In evaluating the past it is sometimes hard to avoid overrating people who wrote or were written about in surviving, high quality works. Plato's had lots of followers; but what would you think if you were in a position to meet him in 4th century BC Athens? Just another "I am not a sophist" rich boy crank? (Am I giving away too much here?)
So in thinking about Charny I have sometimes leaned towards thinking that he was a sometimes-tiresome pedant whom the other knights and courtiers used to tease by asking him hard questions about chivalry, and then not listening to his sometimes overlong answers. That could be Charny.
However, looking closely at the not-very-extensive evidence for his life, I have come to the conclusion that not too many people ever ignored G. de C.
First, everyone agrees that Charny started out as an "obscure" knight and not a rich one. His early campaigns, starting around the age of 30 (in other words, not a raw kid), saw him leading a small retinue made up only of squires. He himself was a bachelier who did not quite dare to call himself a chevalier and the title does not seem to have been offered him for some years. He may have had a certain amount of good will among the more important people due to old family connections, but as William Marshal had found out earlier, this does not reliably pay the bills.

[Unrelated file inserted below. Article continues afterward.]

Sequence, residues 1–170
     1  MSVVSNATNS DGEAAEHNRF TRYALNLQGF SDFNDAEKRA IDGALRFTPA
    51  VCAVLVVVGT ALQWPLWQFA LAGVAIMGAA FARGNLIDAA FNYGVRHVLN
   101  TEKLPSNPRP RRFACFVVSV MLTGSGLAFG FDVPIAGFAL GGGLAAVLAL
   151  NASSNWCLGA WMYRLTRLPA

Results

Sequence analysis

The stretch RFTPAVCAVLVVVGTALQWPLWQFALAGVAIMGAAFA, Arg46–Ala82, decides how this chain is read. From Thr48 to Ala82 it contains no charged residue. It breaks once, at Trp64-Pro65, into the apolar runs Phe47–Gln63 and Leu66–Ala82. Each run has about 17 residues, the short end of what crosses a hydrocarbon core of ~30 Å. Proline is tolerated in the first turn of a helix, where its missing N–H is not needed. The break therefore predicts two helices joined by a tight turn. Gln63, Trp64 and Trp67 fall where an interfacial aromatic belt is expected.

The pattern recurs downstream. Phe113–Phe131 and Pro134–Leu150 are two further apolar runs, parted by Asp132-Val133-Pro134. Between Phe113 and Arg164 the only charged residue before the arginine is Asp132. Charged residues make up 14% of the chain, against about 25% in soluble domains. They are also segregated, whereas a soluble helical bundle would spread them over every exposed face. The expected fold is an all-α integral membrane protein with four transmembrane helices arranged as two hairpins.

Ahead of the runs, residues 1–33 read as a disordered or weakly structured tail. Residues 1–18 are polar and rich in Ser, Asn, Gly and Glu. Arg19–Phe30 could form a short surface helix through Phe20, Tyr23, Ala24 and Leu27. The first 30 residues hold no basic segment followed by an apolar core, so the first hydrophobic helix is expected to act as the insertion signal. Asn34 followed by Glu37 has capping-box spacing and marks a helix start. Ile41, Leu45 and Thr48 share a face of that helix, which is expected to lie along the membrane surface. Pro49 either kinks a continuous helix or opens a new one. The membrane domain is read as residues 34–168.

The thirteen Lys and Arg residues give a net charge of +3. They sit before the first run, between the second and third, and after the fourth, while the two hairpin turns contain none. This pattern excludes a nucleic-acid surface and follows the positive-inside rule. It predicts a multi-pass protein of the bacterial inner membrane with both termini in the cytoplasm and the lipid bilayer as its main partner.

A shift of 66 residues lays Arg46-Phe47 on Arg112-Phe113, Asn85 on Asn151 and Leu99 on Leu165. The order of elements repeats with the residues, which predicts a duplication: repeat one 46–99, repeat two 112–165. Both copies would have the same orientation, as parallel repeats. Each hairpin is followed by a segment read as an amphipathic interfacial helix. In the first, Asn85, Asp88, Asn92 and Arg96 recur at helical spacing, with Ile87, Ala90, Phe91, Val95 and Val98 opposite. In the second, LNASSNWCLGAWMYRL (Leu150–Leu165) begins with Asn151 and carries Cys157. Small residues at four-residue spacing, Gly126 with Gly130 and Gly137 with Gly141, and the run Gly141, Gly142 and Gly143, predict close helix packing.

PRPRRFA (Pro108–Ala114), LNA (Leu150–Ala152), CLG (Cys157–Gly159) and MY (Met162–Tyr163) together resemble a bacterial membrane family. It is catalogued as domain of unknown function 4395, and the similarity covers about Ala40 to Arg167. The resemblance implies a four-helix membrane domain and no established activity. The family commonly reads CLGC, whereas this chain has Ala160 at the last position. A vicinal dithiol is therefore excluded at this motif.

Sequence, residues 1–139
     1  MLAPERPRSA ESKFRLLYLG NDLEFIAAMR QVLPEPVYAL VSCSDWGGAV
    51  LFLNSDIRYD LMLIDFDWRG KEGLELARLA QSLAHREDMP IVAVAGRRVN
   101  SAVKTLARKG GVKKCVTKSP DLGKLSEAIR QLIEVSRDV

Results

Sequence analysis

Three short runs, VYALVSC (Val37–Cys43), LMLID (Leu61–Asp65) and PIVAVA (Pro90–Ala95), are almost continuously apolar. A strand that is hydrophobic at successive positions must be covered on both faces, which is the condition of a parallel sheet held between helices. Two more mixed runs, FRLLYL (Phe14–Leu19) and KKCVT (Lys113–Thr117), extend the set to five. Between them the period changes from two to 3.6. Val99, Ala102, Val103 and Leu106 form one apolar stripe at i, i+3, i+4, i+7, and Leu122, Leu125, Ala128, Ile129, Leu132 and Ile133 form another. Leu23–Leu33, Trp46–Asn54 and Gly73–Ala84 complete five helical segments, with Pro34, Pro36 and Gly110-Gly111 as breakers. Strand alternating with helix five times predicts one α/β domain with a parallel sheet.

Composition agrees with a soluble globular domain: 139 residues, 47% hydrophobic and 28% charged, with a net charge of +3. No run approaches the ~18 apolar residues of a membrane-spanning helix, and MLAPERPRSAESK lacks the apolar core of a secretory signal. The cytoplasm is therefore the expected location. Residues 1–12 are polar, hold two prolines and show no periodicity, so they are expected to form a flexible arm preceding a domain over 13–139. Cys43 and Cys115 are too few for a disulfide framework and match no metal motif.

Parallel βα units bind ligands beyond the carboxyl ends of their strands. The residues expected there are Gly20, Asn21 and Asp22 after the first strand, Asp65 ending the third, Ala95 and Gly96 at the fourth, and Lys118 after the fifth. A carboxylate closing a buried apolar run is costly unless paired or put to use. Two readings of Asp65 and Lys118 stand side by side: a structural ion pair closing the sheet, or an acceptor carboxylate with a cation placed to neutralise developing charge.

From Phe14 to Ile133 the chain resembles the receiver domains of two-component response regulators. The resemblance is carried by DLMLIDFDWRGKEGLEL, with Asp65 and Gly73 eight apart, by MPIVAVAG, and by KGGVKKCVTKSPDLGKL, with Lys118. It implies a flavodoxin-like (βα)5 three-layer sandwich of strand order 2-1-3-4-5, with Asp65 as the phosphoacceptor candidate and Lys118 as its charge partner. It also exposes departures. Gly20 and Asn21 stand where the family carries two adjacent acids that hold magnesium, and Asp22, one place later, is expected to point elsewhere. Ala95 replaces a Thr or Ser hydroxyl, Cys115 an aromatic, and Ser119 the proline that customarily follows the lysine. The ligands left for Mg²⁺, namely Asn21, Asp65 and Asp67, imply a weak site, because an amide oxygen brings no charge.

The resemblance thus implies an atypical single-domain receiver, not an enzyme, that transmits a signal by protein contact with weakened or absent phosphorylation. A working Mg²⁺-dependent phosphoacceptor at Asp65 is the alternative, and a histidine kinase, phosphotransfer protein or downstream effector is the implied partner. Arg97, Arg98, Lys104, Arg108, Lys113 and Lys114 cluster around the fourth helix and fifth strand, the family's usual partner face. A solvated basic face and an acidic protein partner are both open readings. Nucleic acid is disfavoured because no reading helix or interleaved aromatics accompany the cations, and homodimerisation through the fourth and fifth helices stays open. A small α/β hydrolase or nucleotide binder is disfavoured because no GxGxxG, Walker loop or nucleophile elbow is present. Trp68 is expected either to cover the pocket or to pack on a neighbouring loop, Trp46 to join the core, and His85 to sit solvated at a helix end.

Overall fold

Nonetheless, consider these facts. Starting about 1347-8, Charny was given high command on the northern front (the region of Calais), a role he played off and on until fall of 1352. At one point he was called Captain General of the wars of Picardy and the frontiers of Normandy, a pretty exalted title and a pretty exalted role. Correct me if I am wrong, but this is the kind of position you might put a prince in. If you, as king, had a good reliable prince.
Another fact: When in the course of his duties Charny was captured and carted off to England, the King of France (eventually) bought him back for 12,000 ecus, one heck of a lot of money when the French crown was strapped for cash and always on the lookout for ways to save money. My conclusion: King Jean II felt he desperately needed Charny back.
Finally, the clincher. In the mid-1350s, the King's cousin Charles the Bad of Navarre, a man who thought he had as good a claim to the French throne as Jean, was making a lot of trouble, relying on his royal descent, his strong position in strategic Normandy, and his natural talent for intrigue. He was hard to handle -- that family conflict thing, acted out by two guys with crowns on their heads. When this touchy situation had to be resolved, who did Jean send to talk to Bad Charles? Who got to hear all the dirty secrets of the dynasty retailed? Well, a whole delegation, but among them was the formerly obscure Geoffroi de Charny.
You see what I mean.